The overarching question imparting urgency to this exploration is: Can U.S.-Russian contention in cyberspace cause the two nuclear superpowers to stumble into war? In considering this question we were constantly reminded of recent comments by a prominent U.S. arms control expert: At least as dangerous as the risk of an actual cyberattack, he observed, is cyber operations’ “blurring of the line between peace and war.” Or, as Nye wrote, “in the cyber realm, the difference between a weapon and a non-weapon may come down to a single line of code, or simply the intent of a computer program’s user.”
Milt Bearden retired from the Central Intelligence Agency in 1994, after thirty years in the CIA’s clandestine services. During a career that tracked the Cold War from the overthrow of Nikita Khrushchev and the detonation of the first Chinese atomic bomb in the mid-1960’s, through the hauling down of the hammer and sickle over the Kremlin and the reunification of Germany in the 1990’s, Mr. Bearden rose through the ranks to become one of CIA’s most senior officers.
Mr. Bearden’s early career was split between German speaking Europe and Hong Kong where he conducted classic Cold War intelligence operations. During the early 1980’s he moved to Africa to serve as CIA Chief in Nigeria and later in Khartoum, where he covered Sudan’s civil war and the ultimate overthrow of the regime of Jaafar Nimeiri. It was in the Sudan in 1985, that Mr. Bearden organized a secret airlift from the Sudanese desert to Israel of the stranded remnants of the Ethiopian Falasha Jews. For his work in Sudan Milt Bearden was awarded the Intelligence Medal of Merit, the Agency’s second highest decoration.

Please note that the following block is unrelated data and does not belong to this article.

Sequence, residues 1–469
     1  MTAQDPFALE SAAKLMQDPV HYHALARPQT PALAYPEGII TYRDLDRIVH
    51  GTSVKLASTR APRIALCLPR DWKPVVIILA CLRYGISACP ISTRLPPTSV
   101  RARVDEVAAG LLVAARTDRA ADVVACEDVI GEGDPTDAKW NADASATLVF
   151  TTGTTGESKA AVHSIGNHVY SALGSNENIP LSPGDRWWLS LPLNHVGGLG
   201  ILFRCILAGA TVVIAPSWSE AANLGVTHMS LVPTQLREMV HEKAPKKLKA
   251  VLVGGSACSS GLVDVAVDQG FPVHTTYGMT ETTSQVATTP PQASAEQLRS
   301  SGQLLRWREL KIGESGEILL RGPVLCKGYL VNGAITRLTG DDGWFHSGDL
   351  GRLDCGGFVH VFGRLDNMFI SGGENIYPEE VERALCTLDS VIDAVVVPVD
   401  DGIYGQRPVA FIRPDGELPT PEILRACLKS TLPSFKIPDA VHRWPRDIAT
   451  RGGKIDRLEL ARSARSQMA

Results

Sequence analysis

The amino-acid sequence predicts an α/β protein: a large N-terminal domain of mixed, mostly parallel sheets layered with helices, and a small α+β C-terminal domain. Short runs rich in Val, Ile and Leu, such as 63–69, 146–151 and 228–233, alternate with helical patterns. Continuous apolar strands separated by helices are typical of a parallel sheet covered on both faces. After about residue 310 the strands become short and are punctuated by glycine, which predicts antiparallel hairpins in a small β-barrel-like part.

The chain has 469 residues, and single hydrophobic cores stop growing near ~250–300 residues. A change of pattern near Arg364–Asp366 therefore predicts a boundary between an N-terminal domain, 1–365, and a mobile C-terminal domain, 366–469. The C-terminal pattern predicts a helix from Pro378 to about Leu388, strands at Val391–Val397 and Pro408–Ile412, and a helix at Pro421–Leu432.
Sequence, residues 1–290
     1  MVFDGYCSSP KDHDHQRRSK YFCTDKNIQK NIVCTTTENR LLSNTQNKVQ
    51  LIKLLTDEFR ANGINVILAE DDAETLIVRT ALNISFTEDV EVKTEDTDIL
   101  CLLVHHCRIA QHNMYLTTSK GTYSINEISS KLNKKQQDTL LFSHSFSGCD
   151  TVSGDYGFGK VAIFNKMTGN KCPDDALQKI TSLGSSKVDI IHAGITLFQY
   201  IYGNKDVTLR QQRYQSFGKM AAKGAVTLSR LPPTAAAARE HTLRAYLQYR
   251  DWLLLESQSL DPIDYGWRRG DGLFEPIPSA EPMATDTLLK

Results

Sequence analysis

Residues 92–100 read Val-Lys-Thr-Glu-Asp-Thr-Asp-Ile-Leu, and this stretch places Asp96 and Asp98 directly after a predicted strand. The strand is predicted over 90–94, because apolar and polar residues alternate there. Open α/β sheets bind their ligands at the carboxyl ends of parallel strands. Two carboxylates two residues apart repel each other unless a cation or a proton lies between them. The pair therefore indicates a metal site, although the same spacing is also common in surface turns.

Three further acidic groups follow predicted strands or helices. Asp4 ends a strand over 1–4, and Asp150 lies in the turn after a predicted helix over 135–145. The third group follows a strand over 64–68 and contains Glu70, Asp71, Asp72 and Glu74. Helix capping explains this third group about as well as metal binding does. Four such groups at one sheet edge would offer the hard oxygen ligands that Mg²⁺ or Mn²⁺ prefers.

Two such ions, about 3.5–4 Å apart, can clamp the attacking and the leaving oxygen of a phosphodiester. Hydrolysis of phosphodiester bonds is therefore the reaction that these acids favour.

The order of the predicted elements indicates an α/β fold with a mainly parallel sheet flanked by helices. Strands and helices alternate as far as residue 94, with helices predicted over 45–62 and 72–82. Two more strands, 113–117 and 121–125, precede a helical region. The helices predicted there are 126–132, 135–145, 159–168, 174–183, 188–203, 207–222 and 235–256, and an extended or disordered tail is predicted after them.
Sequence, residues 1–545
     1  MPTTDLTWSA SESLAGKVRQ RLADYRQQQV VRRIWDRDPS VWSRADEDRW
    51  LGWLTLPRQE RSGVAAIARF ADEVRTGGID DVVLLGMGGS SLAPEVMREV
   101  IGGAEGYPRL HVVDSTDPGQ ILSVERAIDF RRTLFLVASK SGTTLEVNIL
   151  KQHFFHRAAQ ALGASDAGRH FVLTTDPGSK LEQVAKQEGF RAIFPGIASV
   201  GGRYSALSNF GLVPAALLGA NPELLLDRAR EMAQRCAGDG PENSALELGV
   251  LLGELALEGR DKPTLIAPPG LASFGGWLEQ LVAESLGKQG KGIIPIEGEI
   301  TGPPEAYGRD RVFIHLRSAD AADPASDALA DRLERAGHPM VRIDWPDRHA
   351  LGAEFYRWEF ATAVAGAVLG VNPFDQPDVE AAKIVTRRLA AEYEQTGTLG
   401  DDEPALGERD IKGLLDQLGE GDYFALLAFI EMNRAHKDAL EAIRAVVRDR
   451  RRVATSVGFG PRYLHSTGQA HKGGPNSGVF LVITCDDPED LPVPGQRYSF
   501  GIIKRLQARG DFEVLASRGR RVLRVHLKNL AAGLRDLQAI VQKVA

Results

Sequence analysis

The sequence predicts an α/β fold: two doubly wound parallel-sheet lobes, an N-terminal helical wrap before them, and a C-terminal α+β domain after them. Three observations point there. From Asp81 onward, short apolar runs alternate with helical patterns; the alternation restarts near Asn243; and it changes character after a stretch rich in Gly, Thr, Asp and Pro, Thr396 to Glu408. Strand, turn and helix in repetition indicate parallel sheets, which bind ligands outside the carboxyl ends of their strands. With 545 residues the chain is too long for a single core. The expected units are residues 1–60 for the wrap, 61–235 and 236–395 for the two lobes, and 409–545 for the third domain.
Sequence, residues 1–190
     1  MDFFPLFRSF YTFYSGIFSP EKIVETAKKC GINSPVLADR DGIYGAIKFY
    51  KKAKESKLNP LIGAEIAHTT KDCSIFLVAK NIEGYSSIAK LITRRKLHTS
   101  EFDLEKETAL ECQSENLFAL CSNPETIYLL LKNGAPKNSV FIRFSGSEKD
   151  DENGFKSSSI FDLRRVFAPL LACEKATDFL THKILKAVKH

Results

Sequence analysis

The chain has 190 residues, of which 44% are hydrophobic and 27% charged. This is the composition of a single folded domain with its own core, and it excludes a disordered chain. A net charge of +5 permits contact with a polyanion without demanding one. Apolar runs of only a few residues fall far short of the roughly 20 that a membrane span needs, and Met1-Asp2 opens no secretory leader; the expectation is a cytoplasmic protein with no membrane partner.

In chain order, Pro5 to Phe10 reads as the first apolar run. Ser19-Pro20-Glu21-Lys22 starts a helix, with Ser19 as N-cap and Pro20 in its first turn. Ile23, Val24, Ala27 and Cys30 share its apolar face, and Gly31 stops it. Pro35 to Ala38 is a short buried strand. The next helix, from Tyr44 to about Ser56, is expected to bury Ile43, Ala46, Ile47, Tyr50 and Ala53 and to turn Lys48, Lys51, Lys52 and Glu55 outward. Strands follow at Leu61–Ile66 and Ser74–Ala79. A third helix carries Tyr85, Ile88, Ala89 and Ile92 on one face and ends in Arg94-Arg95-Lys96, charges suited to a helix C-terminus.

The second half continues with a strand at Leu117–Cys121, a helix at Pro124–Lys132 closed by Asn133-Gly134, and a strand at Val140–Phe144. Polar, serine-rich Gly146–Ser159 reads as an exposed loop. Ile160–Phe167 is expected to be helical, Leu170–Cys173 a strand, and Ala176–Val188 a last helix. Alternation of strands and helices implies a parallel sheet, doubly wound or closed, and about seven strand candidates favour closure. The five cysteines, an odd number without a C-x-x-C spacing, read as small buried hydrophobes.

In the spring of 1986, Mr. Bearden was selected by Bill Casey to take charge of the CIA Covert Action supporting a flagging Afghan Resistance. The end of the war was symbolically marked by the final march of Soviet troops across Friendship Bridge over the Oxus River on February 15, 1989, thus ending almost ten years of struggle. For his service in Afghanistan Mr. Bearden was awarded the agency’s highest decoration, the Distinguished Intelligence Medal.
From 1989-92, Mr. Bearden directed the CIA’s clandestine operations against a decaying Soviet Empire. During this period Mr. Bearden was awarded the CIA’s unique Donovan Award, named after its founder. Mr. Bearden wound up his CIA career as the CIA Chief in Bonn where he worked with a newly reunified Germany in dealing with its Cold War legacy. For his service in Germany, Milt Bearden was honored by the German President with the Federal Cross of Merit, the only such decoration ever given to a CIA Chief in the Federal Republic.
Mr. Bearden is the author of The Black Tulip, a novel of war in Afghanistan (Random House 1998, 2002). He is a frequent contributor to the Op-Ed pages of the New York Times, the Los Angeles Times, The Wall Street Journal, and has contributed to Foreign Affairs and to the book on September 11, 2001, How Did This Happen?, published by Public Affairs. He is a consultant for CBS News, and is co-author, with James Risen, of the award-winning The Main Enemy, a non-fiction account of the end of the Cold War published by Random House in May 2003. He worked with Robert DeNiro on Meet the Parents and The Good Shepherd. Mr. Bearden also worked with director Mike Nichols and producer Tom Hanks on the film, Charlie Wilson’s War. He lives in Austin, Texas with his French-born wife, Marie-Catherine.